Beenox targeting 30fps for Call of Duty: Black Ops 3 on PS3 and Xbox 360

Beenox targeting 30fps for Call of Duty: Black Ops 3 on PS3 and Xbox 360
Craig Chapple

By Craig Chapple

October 21st 2015 at 1:00PM

Creative director Thomas Wilson discusses the challenge of bringing new-gen games to last-gen consoles

Beenox and Mercenary Technology are aiming to run Call of Duty: Black Ops 3 at 30 frames per second on PS3 and Xbox 360.

The hugely popular franchise has long been known for hitting 60fps in most of its titles. The last two releases, Advanced Warfare and Ghosts, both ran roughly at that frame-rate on last-gen consoles. The PS4 and Xbox One versions of Black Ops 3 are also expected to run at that level.

Speaking to Develop, Beenox creative director Thomas Wilson, whose team is working on the last-gen ports of the title with Mercenary Technology, said it tried to hit the 60fps target, but it has proven to be challenging.

“I’d say that we tried to hit that target [60fps]," he said. "It becomes harder when you’re working on current gen platforms.

“We’re basically looking more at something like 30fps. But still, the experience is very enjoyable, otherwise it’s not Call of Duty.”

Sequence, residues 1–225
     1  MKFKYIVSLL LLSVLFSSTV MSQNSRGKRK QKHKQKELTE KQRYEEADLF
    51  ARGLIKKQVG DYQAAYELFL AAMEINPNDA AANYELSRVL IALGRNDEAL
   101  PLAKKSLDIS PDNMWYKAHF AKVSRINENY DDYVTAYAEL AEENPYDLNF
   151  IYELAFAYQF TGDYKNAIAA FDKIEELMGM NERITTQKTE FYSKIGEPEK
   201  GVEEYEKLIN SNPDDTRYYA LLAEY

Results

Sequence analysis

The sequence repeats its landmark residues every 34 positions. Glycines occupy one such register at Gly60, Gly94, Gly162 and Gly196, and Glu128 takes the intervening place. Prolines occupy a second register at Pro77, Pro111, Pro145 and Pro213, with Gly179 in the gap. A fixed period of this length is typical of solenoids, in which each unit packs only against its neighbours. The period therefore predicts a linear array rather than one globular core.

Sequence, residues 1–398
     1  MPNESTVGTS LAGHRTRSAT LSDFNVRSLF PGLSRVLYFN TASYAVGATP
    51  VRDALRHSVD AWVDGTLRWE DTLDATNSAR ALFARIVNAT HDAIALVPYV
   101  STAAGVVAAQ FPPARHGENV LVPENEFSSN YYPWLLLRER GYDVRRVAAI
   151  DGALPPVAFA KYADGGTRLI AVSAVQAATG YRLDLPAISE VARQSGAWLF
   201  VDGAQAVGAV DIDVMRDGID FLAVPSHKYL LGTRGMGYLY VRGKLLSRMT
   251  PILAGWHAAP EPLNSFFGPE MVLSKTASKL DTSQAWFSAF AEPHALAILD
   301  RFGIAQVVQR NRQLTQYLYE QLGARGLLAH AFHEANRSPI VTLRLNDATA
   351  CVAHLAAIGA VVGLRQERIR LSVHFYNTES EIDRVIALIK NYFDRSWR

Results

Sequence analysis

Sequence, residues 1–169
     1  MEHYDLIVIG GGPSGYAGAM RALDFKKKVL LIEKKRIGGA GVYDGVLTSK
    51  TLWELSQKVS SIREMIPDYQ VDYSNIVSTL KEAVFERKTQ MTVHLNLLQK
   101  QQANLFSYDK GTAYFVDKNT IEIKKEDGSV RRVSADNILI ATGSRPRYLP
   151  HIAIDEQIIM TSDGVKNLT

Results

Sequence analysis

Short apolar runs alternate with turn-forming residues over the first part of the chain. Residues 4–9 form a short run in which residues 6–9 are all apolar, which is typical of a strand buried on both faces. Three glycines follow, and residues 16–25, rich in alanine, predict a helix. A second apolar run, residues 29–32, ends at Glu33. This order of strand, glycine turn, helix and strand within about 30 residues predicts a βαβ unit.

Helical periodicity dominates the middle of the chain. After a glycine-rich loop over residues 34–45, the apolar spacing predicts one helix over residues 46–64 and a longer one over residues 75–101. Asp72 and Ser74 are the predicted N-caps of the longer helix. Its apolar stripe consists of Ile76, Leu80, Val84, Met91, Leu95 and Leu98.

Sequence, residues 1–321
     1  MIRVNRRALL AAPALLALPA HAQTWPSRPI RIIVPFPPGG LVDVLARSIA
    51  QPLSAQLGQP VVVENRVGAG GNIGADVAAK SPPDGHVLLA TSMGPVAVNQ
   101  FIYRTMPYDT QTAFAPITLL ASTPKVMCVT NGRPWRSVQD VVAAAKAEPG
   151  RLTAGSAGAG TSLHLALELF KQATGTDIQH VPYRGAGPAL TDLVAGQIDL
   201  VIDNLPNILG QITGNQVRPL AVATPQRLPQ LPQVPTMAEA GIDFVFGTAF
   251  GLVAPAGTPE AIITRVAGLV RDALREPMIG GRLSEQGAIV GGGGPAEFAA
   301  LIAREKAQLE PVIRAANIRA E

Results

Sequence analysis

Activision has previously announced it would be ditching the single-player campaign element of Black Ops 3 for last-gen consoles. The game will therefore only feature multiplayer and a zombie mode.

Wilson said the level of detail required to develop a campaign and new-gen version of a Call of Duty game means it is becoming increasingly difficult to do that on PS3 and Xbox 360. He said the studio tried to maintain as many features as possible of Treyarch’s title within the limitations of the older consoles, but it ultimately appears to have been forced to make some concessions.

Despite the challenges, Wilson said releasing Call of Duty on last-gen hardware is "totally still viable".

“What we do is we basically, step by step, reduce the polycounts on each asset, reduce the amount of memory that each effects will take, and then eventually we make sure that we maintain that core experience intact," he said.

“The challenge really is to make that fit in memory, make sure that the experience is good and that you have a great frame rate. So there’s always a big challenge in doing that because of course the main developer will try to make the most kick-ass new-gen game possible. We don’t want them to think about constraints, we want them to go out there and have fun.”